-- To surrender a dream leaves life as it is — and not as it could be.

View CharlesNeil's profile

CharlesNeil

1158 posts in 2595 days


#26 posted 11-02-2012 08:00 PM

Jorge, all my book is about is simple and stuff that works, or better put has for me for years, as to Mexico, most of it is water base, ( can be shipped no haz-mat) been hard and heavy into it for about 5 years now, and like it or not its in your future, alot of Calif can’t get anything but, look at Canada they cant even get Denatured Alcohol, Water base is coming , so I decided to “figure it out,” and been using it for a long time, so like this thread, I figured out how to make it work , ‘

The book just cuts to the chase, its stuff like this thread, no BS, not much chemistry, mostly do A, then B and C if ya have to.
I promise you , I will never tell you what I “think” , just what I know, and I dont walk on water, there are many different ways to do thing’s and I dont know them all, but I am one of those when It works for me over and over again ,for years I tend to stick with it, thats the book in a nut shell

speaking of works for me, heading home , be back in the morning, time for some clams , and perhaps something with a little more “bite” .. back in the am guys

PS, In the book I have editors and grammer folks, good thing I think

View Swyftfeet's profile

Swyftfeet

169 posts in 896 days


#27 posted 11-02-2012 08:38 PM

Can’t wait to get a copy… have to wait for xmass , GF asked what I want and I told her that her timing was perfect.
Charles Neil has a new book. She was pretty amped too shopping for me done in 30 secs lol

PS, In the book I have editors and grammer folks, good thing I think
This is good stuff if intentional! Aught to be your tag line, please don’t take it the wrong way if not:)

-- Brian

View Roger's profile

Roger

15055 posts in 1528 days


#28 posted 11-02-2012 09:40 PM

Gr8 topic. Sorry, I’m too much of a rookie to have any input, but, I can sure soak in all this advice from all of you fine LJ’s out there. I appreciate it also.

-- Roger from KY. Work/Play/Travel Safe. Kentuk55@bellsouth.net

View pariswoodworking's profile

pariswoodworking

380 posts in 1209 days


#29 posted 11-02-2012 11:46 PM

@Dchip- I like the look of shellac, but I’m nervous about using it on anything that not purely decorative. The alcohol and water thing makes me want to use another finish.

@Charles- I’ve got everything you listed except the painters pad. My current project is a set of pistol grips, so I don’t think it would have been much help anyway. I also picked up a bottle of automotive polish just to try, and it seems to really work. :D

@Jorge- thanks for the advice. I’ll definitely keep in on the “to try” list.

@Rip- I don’t mind putting effort into finishing my projects. If it makes them look much better when they are done, it’s well worth it to me.

@Brian- I wouldn’t know much about that. Charles sure does though. ;)

@Charles- I stumbled onto some of your YouTube vids earlier today, and they helped a lot. It was the one about hand rubbed finishes. I’ll also have to look into that book. :D

@Roger- I’ve been woodworking for years, and I still conciser myself a rookie in some places. There is still a lot to learn, and this forum is an AMAZING place to learn.

-- Only two things are infinite, the universe and human stupidity, and I'm not sure about the former. -- Albert Einstein

View Moron's profile

Moron

4708 posts in 2618 days


#30 posted 11-03-2012 01:54 AM

Dont feel out your in good company

35 years later I’m still lookn for the answer

-- "Good artists borrow, great artists steal”…..Picasso

View pariswoodworking's profile

pariswoodworking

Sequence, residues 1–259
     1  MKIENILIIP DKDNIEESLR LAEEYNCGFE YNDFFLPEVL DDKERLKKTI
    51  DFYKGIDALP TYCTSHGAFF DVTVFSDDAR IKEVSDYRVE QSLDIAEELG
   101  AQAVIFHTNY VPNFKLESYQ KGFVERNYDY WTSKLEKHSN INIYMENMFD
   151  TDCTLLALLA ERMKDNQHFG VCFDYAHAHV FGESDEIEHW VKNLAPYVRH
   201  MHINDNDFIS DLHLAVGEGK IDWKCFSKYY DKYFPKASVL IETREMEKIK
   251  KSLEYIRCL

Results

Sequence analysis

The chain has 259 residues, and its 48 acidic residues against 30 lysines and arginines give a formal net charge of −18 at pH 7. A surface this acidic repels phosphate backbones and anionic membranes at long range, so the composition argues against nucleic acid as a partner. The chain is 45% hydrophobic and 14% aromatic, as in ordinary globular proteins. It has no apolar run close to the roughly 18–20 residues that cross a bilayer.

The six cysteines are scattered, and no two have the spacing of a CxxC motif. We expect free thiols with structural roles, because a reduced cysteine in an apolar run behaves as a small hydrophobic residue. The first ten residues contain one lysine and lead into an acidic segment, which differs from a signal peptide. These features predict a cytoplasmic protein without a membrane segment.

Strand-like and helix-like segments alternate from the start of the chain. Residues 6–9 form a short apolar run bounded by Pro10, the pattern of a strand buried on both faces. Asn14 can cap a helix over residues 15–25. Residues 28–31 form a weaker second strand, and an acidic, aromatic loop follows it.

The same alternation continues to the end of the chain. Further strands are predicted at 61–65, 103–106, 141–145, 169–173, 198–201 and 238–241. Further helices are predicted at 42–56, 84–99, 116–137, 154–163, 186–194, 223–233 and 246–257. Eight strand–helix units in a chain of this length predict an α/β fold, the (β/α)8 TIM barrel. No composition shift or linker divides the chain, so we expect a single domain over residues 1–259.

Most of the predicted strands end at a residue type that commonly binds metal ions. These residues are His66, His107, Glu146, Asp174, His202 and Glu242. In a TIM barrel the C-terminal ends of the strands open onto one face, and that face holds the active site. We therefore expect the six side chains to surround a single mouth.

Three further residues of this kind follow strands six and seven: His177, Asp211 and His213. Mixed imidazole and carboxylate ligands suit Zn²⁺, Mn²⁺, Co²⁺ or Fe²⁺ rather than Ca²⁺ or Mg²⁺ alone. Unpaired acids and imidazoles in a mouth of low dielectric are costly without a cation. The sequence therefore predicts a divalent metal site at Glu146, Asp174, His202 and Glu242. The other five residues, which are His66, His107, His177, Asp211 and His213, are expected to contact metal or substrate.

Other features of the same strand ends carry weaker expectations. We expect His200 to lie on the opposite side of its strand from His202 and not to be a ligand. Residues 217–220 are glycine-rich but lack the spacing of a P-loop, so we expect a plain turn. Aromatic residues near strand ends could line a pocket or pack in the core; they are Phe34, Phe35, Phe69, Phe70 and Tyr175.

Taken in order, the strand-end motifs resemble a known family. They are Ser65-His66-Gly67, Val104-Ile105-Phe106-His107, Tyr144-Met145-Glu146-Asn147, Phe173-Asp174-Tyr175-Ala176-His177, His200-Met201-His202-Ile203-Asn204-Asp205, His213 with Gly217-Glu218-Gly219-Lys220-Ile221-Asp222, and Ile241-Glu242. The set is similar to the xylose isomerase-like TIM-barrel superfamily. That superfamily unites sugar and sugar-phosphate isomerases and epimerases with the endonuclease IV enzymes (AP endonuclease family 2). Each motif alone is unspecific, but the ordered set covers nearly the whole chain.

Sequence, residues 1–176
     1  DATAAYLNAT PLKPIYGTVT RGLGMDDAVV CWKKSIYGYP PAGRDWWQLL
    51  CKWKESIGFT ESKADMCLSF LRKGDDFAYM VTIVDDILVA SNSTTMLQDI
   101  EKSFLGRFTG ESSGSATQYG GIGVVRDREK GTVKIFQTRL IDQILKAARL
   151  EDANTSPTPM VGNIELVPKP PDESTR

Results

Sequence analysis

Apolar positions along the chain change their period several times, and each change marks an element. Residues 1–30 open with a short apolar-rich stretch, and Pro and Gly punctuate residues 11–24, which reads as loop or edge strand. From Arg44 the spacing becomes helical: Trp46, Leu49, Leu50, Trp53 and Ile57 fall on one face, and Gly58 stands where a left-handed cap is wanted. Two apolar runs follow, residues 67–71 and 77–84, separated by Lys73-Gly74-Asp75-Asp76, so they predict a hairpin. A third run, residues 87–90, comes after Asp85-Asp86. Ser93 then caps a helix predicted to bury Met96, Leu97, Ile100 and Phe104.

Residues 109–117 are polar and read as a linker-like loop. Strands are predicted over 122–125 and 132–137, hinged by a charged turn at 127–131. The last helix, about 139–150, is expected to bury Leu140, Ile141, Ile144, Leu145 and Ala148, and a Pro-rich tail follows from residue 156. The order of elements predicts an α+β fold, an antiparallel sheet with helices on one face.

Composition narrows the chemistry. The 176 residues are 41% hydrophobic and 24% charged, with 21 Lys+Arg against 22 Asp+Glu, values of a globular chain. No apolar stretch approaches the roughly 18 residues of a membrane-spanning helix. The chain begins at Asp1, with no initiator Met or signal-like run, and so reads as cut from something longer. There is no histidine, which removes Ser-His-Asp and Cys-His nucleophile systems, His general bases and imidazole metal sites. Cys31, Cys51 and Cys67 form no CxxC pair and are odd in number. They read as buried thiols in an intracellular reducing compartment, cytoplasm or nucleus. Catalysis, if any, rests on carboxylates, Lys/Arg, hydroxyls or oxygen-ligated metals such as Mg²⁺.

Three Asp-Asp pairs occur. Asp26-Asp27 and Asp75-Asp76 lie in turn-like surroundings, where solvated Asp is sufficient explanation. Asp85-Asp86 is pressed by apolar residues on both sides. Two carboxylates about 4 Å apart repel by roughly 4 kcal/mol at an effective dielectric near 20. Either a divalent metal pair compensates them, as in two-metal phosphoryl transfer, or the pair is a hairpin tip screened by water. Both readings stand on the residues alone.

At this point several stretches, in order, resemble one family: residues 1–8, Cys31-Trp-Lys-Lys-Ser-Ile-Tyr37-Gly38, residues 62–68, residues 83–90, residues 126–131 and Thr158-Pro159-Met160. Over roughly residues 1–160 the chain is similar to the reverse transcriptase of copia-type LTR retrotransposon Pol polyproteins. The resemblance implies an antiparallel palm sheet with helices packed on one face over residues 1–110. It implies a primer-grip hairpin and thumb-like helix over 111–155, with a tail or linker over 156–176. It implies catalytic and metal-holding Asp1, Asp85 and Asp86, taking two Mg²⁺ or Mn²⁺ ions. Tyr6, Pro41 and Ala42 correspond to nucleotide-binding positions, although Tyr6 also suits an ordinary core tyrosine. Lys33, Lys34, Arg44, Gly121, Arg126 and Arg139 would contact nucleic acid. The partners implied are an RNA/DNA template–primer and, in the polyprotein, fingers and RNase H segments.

380 posts in 1209 days


#31 posted 11-03-2012 04:54 PM

Well, I tried the car polish on a lacquered piece of scrap wood, and it works very well. It didn’t give me a mirror shine, but it gave me a VERY high gloss. :D

-- Only two things are infinite, the universe and human stupidity, and I'm not sure about the former. -- Albert Einstein

View adaughhetee's profile

adaughhetee

104 posts in 1407 days


#32 posted 11-04-2012 03:05 PM

These are images of a heart box I made after spray-can polying over poly wet-sanded with 2000 grit. I tried sanding with 2000 then hand polishing with rubbing compound but had less than perfect results. As long as you have a good base the spray will lay down good. You can get spray clear-coat at the parts store with the touch-up paints. Another tip the colder the spray environment the slower the dry time allowing the finish to level better.

View Dan'um Style's profile

Dan'um Style

13181 posts in 2707 days


#33 posted 11-04-2012 07:49 PM

10 coats of gloss spray lacquer ,,, 0000 steel wool between coats

-- keeping myself entertained ... Humor and fun lubricate the brain

View Clint Searl's profile

Clint Searl

1479 posts in 1085 days


#34 posted 11-05-2012 04:40 PM

An out-of-the-jug finish that is high gloss is Bona Mega waterborne oxygen cross-linking floor finish. Sand back the first coat with 320 to get rid of the fuzzies, then follow with two more full coats. brushed on with a soft brush. That’ll do it, but can also be rubbed out with auto compounds.

-- Clint Searl....Ya can no more do what ya don't know how than ya can git back from where ya ain't been

View Jorge G.'s profile

Jorge G.

1526 posts in 1199 days


#35 posted 11-06-2012 01:06 AM

Thank yo Charles for your quick and through response. I will be getting this book.

-- To surrender a dream leaves life as it is — and not as it could be.

View Holbs's profile (online now)

Holbs

571 posts in 753 days


#36 posted 11-06-2012 01:23 AM

View Thermaloy's profile

Thermaloy

21 posts in 752 days


#37 posted 11-06-2012 03:07 AM

If we are talking objects turned on a lathe, my tutor told me to make certain my chisels were as sharp as possible for the final cut. That gives a good base for finishing acrylic (2 coats, lightly sanded between them) and wax (1 application, polished lightly at speed) – which is how the finish was obtained on the bowl in my current avatar. So far I have not used wood stains. Hope that is a help.

-- Thermaloy